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chip load guidelines4/19
I have a project looming which will require the use of melamine faced chipboard.Over the years I have routed a lot of MDF,plywood and tooling block,but never this stuff.I intend to use a compression cutter and would greatly appreciate any comments or help regarding speed and feed for 1/2 inch dia or even better chip loads that have worked well.I can do a bit of experimenting,but it would be nice to be somewhere close to begin with.Thanks in advance
If you look online at www.onsrud.com and click on downloads they have a ton of information on chiploads for specific materials, with tool recommendations.
For a 1/2" diameter tool your chipload would be somewhere between .021" to .023"
At 18,000 rpm, using a 2 flute compression bit - you'd calculate your feed rate as follows:
Feed Rate (Inches Per Minute) = RPM x # of cutting edges x chip load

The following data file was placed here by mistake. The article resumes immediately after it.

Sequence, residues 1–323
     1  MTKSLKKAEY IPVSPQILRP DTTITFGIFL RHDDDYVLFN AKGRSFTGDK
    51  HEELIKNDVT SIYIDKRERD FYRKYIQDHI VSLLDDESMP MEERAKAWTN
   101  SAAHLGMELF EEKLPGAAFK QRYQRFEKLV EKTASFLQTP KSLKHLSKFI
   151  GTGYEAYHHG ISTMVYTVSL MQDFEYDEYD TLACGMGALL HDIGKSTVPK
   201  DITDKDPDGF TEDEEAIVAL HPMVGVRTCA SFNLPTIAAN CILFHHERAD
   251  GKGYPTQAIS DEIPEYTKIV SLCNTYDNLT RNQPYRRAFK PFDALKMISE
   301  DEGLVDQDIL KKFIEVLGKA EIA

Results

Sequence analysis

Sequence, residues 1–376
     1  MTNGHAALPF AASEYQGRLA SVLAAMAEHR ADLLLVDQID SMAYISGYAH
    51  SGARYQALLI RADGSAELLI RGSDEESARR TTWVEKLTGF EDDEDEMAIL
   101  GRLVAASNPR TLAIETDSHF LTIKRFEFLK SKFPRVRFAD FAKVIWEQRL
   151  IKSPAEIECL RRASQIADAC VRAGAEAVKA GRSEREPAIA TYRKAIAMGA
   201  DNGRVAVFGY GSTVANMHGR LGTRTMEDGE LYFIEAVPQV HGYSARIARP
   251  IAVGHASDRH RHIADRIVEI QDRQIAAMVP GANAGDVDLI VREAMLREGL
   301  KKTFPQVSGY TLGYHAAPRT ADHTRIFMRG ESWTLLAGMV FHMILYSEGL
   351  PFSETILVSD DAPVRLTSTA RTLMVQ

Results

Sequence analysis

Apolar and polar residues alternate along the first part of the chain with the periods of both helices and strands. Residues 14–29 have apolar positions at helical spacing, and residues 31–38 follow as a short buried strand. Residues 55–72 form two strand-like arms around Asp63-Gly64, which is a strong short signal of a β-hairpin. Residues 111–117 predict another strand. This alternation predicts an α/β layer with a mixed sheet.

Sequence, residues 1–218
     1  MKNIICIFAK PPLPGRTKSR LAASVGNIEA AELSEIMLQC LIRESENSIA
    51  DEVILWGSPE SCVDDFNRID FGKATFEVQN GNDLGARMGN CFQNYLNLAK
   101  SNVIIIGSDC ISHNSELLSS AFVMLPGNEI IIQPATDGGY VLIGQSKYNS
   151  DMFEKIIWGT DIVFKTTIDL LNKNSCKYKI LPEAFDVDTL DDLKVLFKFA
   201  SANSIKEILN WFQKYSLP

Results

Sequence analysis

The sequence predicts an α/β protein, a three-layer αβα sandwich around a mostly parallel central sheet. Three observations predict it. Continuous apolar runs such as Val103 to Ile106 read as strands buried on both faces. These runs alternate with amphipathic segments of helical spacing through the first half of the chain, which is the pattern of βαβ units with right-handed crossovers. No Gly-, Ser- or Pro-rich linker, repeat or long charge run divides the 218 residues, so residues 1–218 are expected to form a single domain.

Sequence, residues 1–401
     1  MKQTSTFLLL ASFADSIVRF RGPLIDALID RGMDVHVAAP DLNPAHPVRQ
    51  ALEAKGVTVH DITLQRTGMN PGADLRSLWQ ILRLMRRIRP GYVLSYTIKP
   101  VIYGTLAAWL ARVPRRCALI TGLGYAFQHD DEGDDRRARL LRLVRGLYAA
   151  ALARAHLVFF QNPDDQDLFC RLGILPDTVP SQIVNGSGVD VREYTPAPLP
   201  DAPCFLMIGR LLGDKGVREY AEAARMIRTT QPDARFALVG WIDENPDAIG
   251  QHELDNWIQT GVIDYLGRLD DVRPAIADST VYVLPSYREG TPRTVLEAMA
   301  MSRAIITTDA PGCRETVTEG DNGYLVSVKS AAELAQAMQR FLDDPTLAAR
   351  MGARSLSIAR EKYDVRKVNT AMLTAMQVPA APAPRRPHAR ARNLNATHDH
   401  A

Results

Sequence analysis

Feed Rate = 18,000 rpm x 2 flutes x .022
Your RPM can be adjusted to bring your feed rate down as desired.
If you are cutting a ton of this material look at Onsrud's Polaris coated bits, we've sold a ton of these with a lot of success. The customers almost always think the coated bits are worth the added cost - tool # 60-169PLR or 60-163PLR
You can call Onsrud and they will direct you to your local dealer to get pricing or more specific help.
We run the vortex 3130xp with good luck.
We arenít exclusive to the melamine and add layed up panels with laminate on both sides and mdf for the backs, so our sheet count per cutter can vary.
There are a lot of good cutters out there, but I would definitely learn the cutting behavior of the different melamine. We use Roseburg and sometimes Funder. The melamine coating between the two require a sight feed rate adjustment.
We've tried quite a variety of bits over the years. We've been using Onsrud's Marathon coated bits (2 flute, 3/8", compression) since they came out. Use their recommended speeds and feeds. Well worth their added price. They hold up much better than uncoated bits when cutting HPL laminated board. Ramp in off the cut line so the up spiral part of the bit doesn't chip the face.